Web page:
100 Recipe Challenge
Up until my mid-twenties, my culinary experience was limited. I could make you a meal of Shake N’ Bake Chicken and some warmed up canned green beans on the side. Maybe even some instant mashed potatoes if you were lucky. When I was twenty-six years old, I moved in with and married my now husband; a guy who loved to cook and experiment in the kitchen. We live in a house in the middle of the woods in central Michigan.
If my husband wasn’t cooking for us, we were eating boxed meals from the grocery store. Stouffer’s lasagna. Hamburger Helper. I realized that to be a true modern homesteader, I needed to work on self-sufficiency – not just raising our own chickens, growing our own vegetables… I needed to cook some awesome food from scratch and not rely on the frozen section of my local grocery store to feed us. Just to be clear, I’m not docking the frozen section of the local grocery store. My parents worked a lot to support my siblings and I and were short on time. I grew up often eating Michelina’s and Lean Cuisine meals, but appreciated my mama’s home cooking even more because of this.
Another reason I wanted to work on my cooking is I wanted to make the food I was used to. Coming from a large city, my daily routine used to consist of swinging by Starbucks to get a latte and breakfast and eating dinner at a local restaurant with my friends. Almost everything was within a five minute drive. Out here, we have a few select fast food chains and mom and pop restaurants. We are twenty minutes from the nearest small town grocery store, forty minutes from a Wal-Mart, and over an hour from an area with multiple grocery and restaurant options. I grew bored of the boxed meals and, as silly as it sounds, really missed my lattes, amongst other things.
Here is what I learned over the year:
Don’t be afraid to fail.
One of my very first recipes was the ever-so-simple guacamole. Had I made guacamole before? Absolutely. Was it from scratch? Absolutely not. Was it absolutely delicious this time around? No. I improvised with things I had on hand and did not thoroughly enjoy it, but I learned how to make it properly. I’m guessing about a third of the recipes I made did not turn out how I expected them to. You can blame the recipe itself or chalk it up to user error, but either way, I failed. A lot. Each failure was a learning experience and I took skills with me to the next recipe.
What have you been inspired to cook from scratch? Share with us below!
Written by Kendra
Write out recipes you want to try. Or don’t.
When I started on this journey, I wrote out a list of “must-try” recipes. I think I lost it after week three and never looked back. I made what I was in the mood for that day or cooked something just because I wanted to try a certain technique, like frying. That being said, I think making a list and staying on track would be beneficial, but this is all about you and your self-improvement.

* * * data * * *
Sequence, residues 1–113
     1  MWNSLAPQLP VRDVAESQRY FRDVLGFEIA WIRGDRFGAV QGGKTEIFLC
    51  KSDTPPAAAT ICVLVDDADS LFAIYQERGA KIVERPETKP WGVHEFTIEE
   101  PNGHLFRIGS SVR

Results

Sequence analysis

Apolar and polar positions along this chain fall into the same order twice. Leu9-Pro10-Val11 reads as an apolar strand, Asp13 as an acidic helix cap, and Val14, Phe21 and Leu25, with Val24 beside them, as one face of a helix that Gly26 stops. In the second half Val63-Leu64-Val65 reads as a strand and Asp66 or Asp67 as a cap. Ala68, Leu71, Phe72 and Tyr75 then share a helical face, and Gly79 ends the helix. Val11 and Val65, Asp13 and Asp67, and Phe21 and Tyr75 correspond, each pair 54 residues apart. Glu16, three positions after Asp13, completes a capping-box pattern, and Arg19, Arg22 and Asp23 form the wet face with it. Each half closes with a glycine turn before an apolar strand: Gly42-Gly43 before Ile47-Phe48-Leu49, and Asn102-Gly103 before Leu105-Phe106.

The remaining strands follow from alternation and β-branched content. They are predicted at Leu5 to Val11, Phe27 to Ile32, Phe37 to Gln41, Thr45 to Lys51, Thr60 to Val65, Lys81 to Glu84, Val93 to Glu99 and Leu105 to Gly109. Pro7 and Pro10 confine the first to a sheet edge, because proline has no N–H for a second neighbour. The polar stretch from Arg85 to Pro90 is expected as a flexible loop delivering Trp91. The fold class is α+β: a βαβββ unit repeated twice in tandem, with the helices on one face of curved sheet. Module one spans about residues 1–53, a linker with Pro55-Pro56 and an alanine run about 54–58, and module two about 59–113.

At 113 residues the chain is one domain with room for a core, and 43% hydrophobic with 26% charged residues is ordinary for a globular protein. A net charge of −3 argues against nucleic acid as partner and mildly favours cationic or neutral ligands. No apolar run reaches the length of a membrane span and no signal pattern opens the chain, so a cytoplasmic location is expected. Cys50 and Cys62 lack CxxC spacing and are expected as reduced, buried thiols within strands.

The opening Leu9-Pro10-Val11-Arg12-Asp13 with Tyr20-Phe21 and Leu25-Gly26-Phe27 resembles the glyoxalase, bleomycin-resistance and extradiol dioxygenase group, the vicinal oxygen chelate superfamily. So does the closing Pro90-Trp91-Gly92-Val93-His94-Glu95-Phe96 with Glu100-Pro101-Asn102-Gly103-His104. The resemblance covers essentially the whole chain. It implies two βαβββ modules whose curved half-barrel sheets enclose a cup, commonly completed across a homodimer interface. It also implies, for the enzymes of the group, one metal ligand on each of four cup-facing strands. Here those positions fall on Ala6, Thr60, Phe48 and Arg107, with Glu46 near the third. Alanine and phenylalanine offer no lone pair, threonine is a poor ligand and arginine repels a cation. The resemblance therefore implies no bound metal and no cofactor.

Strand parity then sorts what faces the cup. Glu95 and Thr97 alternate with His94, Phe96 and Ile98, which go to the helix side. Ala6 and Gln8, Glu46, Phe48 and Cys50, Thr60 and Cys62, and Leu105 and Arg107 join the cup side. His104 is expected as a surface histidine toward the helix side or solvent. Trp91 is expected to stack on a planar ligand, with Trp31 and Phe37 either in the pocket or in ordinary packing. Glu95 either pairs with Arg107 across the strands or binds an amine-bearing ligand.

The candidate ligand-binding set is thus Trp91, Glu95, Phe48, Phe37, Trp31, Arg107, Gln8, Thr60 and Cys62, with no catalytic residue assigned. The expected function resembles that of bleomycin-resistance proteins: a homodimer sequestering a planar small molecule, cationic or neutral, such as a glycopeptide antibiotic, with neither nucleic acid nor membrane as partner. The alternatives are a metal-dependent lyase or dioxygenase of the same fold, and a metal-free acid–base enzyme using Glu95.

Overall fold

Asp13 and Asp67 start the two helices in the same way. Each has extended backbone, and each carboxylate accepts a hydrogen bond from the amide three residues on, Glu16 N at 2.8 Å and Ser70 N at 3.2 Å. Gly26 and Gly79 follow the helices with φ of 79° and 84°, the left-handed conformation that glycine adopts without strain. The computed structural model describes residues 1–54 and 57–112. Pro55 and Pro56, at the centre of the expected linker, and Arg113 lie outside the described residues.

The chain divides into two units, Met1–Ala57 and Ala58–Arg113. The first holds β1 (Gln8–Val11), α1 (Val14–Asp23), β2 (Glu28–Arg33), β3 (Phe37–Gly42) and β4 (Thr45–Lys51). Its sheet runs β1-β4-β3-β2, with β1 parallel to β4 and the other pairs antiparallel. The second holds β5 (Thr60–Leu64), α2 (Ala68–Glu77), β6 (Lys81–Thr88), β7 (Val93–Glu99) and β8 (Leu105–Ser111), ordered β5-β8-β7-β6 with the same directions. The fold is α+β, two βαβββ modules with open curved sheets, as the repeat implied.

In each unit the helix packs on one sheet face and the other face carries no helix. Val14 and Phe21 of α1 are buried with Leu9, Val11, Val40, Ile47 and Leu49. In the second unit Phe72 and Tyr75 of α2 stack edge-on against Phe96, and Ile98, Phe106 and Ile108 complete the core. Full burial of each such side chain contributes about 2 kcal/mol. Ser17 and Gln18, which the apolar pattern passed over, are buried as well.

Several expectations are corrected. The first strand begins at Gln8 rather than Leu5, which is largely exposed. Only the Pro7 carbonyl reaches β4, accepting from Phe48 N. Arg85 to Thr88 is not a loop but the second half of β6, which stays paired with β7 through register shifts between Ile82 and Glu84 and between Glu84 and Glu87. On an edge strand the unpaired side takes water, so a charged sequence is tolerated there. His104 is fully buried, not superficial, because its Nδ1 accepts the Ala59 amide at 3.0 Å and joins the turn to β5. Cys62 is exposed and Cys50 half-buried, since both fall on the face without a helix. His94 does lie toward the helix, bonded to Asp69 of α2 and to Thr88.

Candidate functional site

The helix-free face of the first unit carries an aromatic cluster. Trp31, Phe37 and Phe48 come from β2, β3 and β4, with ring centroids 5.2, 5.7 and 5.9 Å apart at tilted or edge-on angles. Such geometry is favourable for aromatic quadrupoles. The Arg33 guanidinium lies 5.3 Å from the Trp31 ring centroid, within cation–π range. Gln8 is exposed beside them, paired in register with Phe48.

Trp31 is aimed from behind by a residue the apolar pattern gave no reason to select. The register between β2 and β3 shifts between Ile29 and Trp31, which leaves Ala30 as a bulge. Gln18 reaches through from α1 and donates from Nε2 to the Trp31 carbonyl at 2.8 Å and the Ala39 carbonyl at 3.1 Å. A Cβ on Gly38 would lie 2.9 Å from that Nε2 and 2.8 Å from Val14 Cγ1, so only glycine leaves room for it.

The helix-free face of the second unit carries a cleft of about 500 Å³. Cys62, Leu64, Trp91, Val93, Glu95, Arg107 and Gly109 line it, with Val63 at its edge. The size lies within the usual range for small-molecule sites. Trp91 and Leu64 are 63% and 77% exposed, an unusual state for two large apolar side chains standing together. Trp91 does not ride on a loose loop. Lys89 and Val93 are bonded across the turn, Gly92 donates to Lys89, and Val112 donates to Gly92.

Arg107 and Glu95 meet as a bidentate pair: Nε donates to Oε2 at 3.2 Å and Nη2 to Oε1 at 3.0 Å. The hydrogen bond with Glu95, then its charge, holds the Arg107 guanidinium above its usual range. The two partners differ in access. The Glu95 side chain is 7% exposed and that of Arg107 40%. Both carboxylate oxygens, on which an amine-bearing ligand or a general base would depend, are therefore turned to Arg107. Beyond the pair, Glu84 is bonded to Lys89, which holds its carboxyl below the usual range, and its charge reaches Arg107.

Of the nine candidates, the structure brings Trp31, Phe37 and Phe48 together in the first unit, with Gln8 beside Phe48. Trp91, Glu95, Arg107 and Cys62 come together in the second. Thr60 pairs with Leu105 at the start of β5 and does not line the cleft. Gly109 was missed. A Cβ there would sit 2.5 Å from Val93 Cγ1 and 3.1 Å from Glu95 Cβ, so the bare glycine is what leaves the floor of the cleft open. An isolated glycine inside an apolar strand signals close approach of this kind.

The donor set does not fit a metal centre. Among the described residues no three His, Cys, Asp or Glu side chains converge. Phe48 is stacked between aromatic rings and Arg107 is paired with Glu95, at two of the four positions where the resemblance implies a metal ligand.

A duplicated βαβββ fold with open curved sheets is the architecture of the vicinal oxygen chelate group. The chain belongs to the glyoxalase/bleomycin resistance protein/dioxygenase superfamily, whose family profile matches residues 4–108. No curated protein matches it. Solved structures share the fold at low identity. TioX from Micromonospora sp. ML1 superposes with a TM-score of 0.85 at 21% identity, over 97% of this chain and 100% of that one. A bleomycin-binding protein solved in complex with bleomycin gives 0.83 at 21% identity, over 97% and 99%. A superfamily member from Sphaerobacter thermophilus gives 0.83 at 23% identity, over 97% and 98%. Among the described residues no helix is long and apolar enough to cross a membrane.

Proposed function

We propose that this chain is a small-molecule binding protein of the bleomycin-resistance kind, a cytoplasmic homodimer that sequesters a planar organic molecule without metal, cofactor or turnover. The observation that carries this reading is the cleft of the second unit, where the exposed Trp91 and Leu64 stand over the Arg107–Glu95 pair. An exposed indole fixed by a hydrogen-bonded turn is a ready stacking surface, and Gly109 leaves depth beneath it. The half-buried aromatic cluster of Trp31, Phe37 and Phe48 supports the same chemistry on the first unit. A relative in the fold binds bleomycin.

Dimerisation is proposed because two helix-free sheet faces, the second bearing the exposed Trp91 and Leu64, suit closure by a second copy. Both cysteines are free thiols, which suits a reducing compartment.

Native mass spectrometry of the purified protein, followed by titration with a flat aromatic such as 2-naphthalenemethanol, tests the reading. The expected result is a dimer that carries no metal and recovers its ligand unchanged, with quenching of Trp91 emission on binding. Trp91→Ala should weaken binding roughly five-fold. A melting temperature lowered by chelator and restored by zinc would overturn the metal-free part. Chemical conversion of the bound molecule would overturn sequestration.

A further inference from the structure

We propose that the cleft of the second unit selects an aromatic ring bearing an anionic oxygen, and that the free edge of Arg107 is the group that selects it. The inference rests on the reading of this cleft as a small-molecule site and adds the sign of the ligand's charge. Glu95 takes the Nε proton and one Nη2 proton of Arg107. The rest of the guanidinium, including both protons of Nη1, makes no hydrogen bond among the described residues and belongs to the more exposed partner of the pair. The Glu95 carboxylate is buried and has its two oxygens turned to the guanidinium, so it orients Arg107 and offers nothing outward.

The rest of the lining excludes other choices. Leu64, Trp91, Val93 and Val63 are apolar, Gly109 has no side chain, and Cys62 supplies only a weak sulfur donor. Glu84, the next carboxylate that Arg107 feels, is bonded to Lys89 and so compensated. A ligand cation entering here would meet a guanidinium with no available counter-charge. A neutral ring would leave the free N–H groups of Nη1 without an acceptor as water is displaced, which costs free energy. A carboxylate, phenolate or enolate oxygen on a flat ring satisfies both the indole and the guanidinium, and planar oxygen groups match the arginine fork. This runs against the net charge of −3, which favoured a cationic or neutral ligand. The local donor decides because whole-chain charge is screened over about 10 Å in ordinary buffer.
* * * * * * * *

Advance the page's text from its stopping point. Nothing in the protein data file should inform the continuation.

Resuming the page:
Stuff got weird sometimes. I made a french toast burger. 10/10. Would recommend. Don’t be afraid to experiment. You might Frankenstein a dish you really like.
Go at your own pace.
I took a long hiatus from the challenge. I felt like I had writer’s block for home cooks. Between the never-ending dishes and all of the other parenting and homesteading responsibilities, I was burned out! After my break, however, I was ready to take the challenge on and finish strong. Don’t focus on the destination, just enjoy the journey and take it day by day. If you don’t reach one hundred recipes but you reach fifty? That’s amazing! Fifty new recipes, fifty lessons learned!
Let’s be honest here, you’re really only cheating yourself out of an amazing learning experience. Don’t do it for the gram. Do it for yourself.
The 100 Recipe Challenge is what you want to make of it. What it means to me is committing to trying one hundred new recipes from scratch in one year. Start in January. Start in June. Start whenever it works for you. Just take some time out of your busy schedule every once in a while and attempt something new in the kitchen. If anything I hope this article inspires you to bust out the cookbooks or browse the internet for a new recipe to change up your routine. Happy Cooking!
I began my sourdough journey as a way to root myself to a simple, ancestral morning tradition. I’d fallen into the nasty habit of starting every day with my cell phone and overwhelming amounts of not-so-mindful content. I felt drained before I’d even gotten out of bed.
Our gift of instant internet connectedness has a very valuable place in our communities, but we also need to balance such connectivity by tending to ourselves, our families, and our homes so we can make healthy decisions and differences once we step outside.
Baking bread became my way of anchoring to a tangible schedule void of screens and distance. It provided a necessary dedication to something greater than my own immediate satisfaction. Steady, consistent, delicious sourdough helped break through my involuntary evolution into a morning tech-addict and allowed me to focus my mind on the present. My hope is that by sharing my routine, sourdough baking can do the same for you.
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